November budget – what does it mean for housing?

November budget – what does it mean for housing?

Philip Hammond has delivered his second Budget as chancellor, and in his speech he addressed the housing crisis.

“Solving the housing challenge takes more than money”, the chancellor said, and confirmed he is planning reform.

The chancellor committed to £44bn for housing through capital funding, loans and guarantees, and said the funds will include an extra £2.7bn to more than double the Housing Infrastructure Fund.

By the mid-2020s there should be 300,000 homes being built a year - the highest level since the 1970s – in an effort to make them more affordable. This number is accepted by experts as the number needed to meet demand, but there is doubt that this will make a significant difference to prices, even though Stamp duty is to be abolished immediately for first-time buyers purchasing properties worth up to £300,000.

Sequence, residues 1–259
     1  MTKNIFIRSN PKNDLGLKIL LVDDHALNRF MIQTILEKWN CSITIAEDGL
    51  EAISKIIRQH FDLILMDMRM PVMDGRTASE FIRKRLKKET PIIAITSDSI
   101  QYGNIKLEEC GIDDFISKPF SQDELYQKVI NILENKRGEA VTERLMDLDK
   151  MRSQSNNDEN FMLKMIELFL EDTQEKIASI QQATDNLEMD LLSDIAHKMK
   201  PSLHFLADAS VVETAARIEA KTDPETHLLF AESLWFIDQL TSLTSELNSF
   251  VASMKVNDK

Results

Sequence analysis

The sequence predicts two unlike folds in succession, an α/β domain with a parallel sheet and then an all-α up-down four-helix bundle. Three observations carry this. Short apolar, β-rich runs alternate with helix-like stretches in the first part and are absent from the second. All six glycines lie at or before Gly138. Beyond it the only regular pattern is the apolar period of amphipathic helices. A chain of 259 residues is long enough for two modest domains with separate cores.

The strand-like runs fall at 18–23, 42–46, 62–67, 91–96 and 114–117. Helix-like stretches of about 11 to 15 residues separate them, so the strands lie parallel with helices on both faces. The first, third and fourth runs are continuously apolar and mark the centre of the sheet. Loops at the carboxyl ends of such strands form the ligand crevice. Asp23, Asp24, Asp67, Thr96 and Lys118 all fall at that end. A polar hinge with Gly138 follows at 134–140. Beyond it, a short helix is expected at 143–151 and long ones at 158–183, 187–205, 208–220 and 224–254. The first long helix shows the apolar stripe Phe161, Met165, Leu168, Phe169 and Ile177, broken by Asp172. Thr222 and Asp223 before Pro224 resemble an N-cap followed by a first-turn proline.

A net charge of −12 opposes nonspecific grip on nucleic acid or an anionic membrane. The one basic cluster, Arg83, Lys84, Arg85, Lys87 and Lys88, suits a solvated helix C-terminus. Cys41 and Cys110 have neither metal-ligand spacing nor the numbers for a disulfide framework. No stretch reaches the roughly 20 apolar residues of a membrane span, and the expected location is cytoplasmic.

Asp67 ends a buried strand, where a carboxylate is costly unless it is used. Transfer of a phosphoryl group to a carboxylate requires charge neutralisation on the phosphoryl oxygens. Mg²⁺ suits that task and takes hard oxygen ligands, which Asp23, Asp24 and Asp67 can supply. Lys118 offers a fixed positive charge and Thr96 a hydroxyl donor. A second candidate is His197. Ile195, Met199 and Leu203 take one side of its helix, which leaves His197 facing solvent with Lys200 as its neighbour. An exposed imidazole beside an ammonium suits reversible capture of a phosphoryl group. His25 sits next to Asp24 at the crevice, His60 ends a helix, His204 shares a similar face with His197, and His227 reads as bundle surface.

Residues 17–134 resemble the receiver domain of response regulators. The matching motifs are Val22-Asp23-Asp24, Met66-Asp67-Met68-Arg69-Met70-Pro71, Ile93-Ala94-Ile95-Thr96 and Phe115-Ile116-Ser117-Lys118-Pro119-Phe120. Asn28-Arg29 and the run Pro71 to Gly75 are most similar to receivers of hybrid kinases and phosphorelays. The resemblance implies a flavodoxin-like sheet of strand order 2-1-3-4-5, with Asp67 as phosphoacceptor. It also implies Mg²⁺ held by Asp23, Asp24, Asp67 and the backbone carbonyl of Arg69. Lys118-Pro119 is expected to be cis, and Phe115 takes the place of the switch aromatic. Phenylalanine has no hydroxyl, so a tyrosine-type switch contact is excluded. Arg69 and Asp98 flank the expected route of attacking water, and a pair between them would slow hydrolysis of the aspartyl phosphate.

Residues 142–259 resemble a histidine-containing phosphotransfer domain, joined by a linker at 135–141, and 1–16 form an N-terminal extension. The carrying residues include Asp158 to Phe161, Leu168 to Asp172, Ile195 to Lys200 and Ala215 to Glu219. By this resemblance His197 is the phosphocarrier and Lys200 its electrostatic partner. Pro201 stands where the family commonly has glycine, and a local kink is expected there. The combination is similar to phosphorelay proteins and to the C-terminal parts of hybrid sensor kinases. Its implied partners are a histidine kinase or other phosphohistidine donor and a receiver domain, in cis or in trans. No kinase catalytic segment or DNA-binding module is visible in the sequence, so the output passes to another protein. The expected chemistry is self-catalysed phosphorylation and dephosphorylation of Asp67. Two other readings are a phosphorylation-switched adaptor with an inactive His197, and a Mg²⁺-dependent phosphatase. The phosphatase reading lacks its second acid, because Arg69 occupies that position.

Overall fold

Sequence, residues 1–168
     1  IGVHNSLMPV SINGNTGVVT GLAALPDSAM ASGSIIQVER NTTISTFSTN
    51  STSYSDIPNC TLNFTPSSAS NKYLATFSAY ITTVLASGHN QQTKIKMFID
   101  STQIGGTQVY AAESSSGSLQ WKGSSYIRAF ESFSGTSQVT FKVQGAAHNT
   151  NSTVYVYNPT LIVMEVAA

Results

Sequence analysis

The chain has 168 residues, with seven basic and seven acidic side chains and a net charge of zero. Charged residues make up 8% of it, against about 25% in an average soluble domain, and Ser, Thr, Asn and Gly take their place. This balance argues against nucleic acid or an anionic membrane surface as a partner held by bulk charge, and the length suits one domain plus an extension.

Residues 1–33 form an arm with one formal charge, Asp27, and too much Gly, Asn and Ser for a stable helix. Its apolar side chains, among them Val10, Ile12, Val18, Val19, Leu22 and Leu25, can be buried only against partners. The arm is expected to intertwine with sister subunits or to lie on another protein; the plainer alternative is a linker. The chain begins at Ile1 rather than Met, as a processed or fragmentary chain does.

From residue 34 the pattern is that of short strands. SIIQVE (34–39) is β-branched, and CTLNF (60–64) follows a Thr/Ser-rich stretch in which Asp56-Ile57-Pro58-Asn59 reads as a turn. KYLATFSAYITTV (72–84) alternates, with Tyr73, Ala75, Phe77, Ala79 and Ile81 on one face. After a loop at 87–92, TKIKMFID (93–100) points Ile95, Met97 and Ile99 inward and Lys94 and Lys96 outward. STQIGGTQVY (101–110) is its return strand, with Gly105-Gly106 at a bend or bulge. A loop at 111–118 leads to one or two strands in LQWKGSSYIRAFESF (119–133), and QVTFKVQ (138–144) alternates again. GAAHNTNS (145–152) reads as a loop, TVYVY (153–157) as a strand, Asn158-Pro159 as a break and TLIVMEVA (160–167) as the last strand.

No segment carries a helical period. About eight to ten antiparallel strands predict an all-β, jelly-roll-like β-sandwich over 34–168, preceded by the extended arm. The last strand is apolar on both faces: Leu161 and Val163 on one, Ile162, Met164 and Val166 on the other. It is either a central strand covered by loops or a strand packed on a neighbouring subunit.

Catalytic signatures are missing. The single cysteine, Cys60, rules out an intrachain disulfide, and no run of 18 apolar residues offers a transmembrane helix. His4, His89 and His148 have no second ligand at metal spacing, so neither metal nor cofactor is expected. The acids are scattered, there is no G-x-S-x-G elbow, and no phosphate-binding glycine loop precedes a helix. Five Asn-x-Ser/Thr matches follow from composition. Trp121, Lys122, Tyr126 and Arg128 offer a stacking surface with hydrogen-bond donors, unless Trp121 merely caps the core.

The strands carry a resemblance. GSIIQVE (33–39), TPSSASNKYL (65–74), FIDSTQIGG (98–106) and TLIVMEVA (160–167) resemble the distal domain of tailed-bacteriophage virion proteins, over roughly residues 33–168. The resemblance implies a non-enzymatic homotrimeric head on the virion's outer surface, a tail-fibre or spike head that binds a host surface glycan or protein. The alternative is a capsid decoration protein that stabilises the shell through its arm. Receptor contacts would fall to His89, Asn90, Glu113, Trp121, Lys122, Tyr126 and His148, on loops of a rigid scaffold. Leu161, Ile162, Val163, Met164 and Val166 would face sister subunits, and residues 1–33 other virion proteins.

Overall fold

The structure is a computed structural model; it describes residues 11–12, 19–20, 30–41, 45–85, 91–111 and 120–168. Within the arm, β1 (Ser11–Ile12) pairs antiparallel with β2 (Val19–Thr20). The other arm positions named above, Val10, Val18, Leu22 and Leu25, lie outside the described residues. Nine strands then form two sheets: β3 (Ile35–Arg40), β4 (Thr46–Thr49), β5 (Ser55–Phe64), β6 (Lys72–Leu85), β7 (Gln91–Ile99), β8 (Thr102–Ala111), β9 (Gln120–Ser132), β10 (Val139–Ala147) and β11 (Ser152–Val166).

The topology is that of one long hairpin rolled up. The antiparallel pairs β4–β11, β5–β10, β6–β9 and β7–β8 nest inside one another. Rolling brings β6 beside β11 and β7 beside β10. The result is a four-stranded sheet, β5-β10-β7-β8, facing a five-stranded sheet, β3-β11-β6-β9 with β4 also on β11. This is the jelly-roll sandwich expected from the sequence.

The proposed building will focus on the urban areas - where, according to the chancellor, people want to live and where most jobs are created.

Hammond also said the government is committing to building homes in the Oxford-Cambridge corridor, and that required infrastructure will be built to support new homes.

So what does this mean for the construction industry? There could be cause to be cautiously optimistic. As the chancellor commits to building 300,000 homes a year the industry can gear itself to a rise in projects, their value and the speed they will be awarded – however with Brexit looming in sight the shortage of workers might become an issue. The free movement of labour between the UK and other EU member states has always been a valuable asset to the construction industry – with a significant number of skilled and non-skilled roles filled by non-UK nationals.

The UK construction industry could lose more than 175,000 EU workers – or 8% of the sector’s workforce – if the country does not retain access to the European single market after Brexit, or leaves without a bespoke deal. Such an outcome could put key infrastructure and construction projects at risk at a time when the sector is also facing other pressures.

What do you think? Is the budget good news for the construction industry? Share your views on our Linkedin post.

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